A new graduate institute in Bellevue, run by the University of Washington and Tsinghua University in China, is designed to educate the next generation of entrepreneurs.

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A grand experiment in educating entrepreneurs, to be run by two universities on opposite sides of the Pacific, launched Thursday when the University of Washington and China’s Tsinghua University opened the doors to a graduate institute in Bellevue.

The Global Innovation Exchange, or GIX, marks the first time a Chinese research university has established a physical presence in the United States.

The building, in the nascent Spring District of Bellevue, was funded through a $40 million donation from Microsoft, and it features one of the largest and most advanced “maker spaces” in the region for prototyping new technologies. Its founders expect the new students to tackle some of the world’s most pressing problems in areas like health and climate change.

The building’s opening was celebrated by a who’s-who list of executives from Microsoft, along with Gov. Jay Inslee and former governors Chris Gregoire and Gary Locke, and dozens of education officials from China.

And they marveled at how quickly the institute came into being. It is opening a little more than two years after it was announced in June 2015 — a reflection of how fast change is happening both in industry and in higher education, UW President Ana Mari Cauce said.

Cauce acknowledged that universities often work at a glacial pace, but in the future, “our institutions have to be more nimble and more agile, and so do our students, and that is exactly what we’re going to be preparing them for.”

The building was designed around the curriculum, said Shwetak Patel, the chief technology officer of GIX. Its “maker space” is a cavernous room filled with industry-caliber laser cutters, 3-D printers and machines that can rapidly create printed circuit boards.

It’s a space that’s designed to allow students to quickly spin out prototypes of new devices, and “make those things no one’s thought of yet,” said Nicholas Ames, who will direct the space.

“This is going to be a big, big deal,” Cauce said.

In about two weeks, 43 students will start taking classes in the master’s program, classes that are hands-on and project-based. Many of the students are from China; about a dozen are from the United States.

GIX is the first building to be completed in Bellevue’s Spring District development, which is very much a work-in progress. To the north of the site on Thursday, bulldozers were busy tearing down a huge Safeway warehouse, and to the south, construction crews were at work on half-built apartment buildings. Eventually, the Eastside’s light- rail line will run through this development on its way to Redmond.

The Chinese students selected for the program were among the school’s top-tier but also had to prove they were adept at problem-solving, said Yang Bin, vice president and provost of Tsinghua. He said the program and its project-based, team-oriented approach is being closely watched in China, where colleges and universities have been more traditional in their teaching methods.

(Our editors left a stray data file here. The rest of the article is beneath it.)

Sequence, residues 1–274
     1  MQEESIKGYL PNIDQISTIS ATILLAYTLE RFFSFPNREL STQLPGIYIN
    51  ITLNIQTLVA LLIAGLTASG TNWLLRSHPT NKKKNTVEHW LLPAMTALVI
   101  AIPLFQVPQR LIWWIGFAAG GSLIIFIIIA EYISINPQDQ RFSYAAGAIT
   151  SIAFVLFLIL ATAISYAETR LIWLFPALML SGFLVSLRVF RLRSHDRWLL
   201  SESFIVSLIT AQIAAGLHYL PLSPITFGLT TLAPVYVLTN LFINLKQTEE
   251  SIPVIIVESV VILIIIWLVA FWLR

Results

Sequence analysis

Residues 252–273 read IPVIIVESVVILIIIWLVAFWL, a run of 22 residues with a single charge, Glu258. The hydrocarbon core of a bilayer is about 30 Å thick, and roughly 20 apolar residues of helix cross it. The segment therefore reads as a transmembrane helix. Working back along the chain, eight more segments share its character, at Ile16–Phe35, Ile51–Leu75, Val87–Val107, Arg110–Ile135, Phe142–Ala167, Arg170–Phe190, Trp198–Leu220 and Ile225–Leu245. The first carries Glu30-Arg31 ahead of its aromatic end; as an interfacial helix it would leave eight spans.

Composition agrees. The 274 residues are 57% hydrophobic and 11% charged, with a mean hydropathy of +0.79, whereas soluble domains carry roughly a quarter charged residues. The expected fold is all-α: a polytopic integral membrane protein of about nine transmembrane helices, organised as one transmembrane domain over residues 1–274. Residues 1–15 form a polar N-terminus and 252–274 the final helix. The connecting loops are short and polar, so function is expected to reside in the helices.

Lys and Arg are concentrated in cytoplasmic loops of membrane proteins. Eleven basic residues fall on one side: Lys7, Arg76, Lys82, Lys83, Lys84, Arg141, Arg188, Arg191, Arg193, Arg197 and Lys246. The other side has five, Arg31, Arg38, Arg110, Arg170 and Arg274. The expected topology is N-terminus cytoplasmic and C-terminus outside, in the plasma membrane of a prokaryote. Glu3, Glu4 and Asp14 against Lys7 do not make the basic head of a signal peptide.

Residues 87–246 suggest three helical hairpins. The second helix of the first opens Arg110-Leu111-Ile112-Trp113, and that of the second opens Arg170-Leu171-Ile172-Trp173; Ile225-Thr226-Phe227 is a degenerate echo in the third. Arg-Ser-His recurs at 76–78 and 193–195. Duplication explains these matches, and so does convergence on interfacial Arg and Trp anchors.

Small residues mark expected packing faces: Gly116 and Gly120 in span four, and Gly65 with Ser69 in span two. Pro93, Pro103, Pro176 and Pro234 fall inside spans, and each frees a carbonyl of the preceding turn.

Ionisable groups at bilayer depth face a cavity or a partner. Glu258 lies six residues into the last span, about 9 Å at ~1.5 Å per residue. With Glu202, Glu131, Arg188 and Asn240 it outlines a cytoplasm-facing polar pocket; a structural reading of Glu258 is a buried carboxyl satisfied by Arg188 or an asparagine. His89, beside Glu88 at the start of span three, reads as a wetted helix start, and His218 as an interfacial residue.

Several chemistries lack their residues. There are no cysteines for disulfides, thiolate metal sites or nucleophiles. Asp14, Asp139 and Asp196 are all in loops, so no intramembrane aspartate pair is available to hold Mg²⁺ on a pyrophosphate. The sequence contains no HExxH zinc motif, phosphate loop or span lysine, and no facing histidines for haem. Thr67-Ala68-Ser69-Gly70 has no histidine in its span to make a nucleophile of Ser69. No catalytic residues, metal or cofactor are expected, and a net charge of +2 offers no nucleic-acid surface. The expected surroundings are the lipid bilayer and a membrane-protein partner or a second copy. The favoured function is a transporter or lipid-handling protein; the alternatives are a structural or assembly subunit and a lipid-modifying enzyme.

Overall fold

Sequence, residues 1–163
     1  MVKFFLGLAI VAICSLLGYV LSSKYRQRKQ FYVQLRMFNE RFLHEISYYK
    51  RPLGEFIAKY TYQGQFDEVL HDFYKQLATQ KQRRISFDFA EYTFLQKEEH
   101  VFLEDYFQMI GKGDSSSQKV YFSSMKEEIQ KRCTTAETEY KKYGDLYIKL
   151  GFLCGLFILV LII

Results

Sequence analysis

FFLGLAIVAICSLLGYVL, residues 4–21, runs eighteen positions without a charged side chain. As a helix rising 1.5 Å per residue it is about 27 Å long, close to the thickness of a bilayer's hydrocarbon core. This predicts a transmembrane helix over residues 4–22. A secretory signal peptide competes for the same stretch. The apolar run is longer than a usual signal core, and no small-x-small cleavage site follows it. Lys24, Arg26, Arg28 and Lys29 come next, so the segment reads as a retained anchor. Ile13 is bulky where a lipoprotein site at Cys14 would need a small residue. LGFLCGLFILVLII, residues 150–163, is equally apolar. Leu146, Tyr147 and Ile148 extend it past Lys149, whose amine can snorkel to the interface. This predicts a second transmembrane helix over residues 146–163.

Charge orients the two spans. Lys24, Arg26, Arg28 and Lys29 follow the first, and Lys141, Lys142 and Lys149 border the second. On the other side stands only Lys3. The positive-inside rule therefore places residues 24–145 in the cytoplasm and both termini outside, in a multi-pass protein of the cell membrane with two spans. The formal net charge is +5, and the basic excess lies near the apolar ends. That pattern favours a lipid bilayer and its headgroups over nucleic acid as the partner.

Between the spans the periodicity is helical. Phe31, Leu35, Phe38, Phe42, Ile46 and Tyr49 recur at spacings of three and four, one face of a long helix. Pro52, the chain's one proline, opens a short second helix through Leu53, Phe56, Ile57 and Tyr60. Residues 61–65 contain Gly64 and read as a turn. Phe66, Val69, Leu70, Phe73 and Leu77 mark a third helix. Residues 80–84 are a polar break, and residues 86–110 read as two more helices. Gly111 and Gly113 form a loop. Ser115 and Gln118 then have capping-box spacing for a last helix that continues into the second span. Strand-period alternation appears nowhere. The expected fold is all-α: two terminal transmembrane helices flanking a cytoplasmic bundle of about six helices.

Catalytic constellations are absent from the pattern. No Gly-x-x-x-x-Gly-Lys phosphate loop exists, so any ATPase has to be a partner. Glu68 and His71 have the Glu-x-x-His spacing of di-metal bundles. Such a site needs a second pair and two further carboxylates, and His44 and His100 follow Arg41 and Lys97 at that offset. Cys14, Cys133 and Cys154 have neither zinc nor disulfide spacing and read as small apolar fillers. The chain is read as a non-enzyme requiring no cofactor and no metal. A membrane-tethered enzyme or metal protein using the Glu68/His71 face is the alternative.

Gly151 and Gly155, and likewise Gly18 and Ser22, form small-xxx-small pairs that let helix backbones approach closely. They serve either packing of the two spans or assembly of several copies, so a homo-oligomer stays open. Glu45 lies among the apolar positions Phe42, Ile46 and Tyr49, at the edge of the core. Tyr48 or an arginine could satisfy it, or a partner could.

Students will pay $54,000 for the 15-month master’s program, or $77,000 for a 21-month program to complete two degrees — one from the UW, and one from Tsinghua.

Maksim Surguy, one member of the incoming class, walked around the maker space Thursday, admiring the equipment and offering to help unpack it. Surguy, originally from Ukraine, went to college in California and has already done a few startup businesses. He’s interested in being part of a team, and in learning how manufacturing is done in other countries, especially China. “I have lots of ideas,” he said.

In addition to Tsinghua, the UW has added eight other partner universities, including the University of British Columbia, and is also partnering with five companies along with Microsoft for financial and instructional support.

“Literally, we are bringing the world together,” said Microsoft President Brad Smith, who helped come up with the vision for GIX five years ago.

In 10 years, the UW expects to have about 3,000 students, but not all of them will be master’s degree students studying in this building. Some might be doing short refresher courses, or be using distance learning or virtual reality to take classes, Patel said.

Along with Inslee, Gregoire and top executives from Microsoft — including Smith, CEO Satya Nadella and former CEO Steve Ballmer, for whom the building is named — the opening also attracted many Chinese officials, including the consul general from San Francisco and Tsinghua’s president, Qiu Yong.

“China’s in the soup on climate change, just like us,” Inslee said. “Isn’t it going to be cool when a student at GIX invents a solution to climate change?”